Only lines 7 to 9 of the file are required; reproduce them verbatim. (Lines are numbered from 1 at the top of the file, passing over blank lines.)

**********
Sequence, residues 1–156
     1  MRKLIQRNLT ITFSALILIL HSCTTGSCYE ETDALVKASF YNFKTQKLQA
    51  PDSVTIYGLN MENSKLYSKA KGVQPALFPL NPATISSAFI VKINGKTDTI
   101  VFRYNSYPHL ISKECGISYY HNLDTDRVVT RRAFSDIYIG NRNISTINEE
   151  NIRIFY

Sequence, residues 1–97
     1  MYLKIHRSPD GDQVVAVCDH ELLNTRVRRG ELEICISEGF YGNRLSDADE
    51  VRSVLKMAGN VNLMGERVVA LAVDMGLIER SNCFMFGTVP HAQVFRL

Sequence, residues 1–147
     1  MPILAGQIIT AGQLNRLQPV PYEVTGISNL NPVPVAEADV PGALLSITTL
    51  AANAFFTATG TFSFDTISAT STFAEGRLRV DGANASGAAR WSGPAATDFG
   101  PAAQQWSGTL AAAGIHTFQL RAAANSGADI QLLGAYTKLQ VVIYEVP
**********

     1  MYLKIHRSPD GDQVVAVCDH ELLNTRVRRG ELEICISEGF YGNRLSDADE
    51  VRSVLKMAGN VNLMGERVVA LAVDMGLIER SNCFMFGTVP HAQVFRL

Sequence, residues 1–147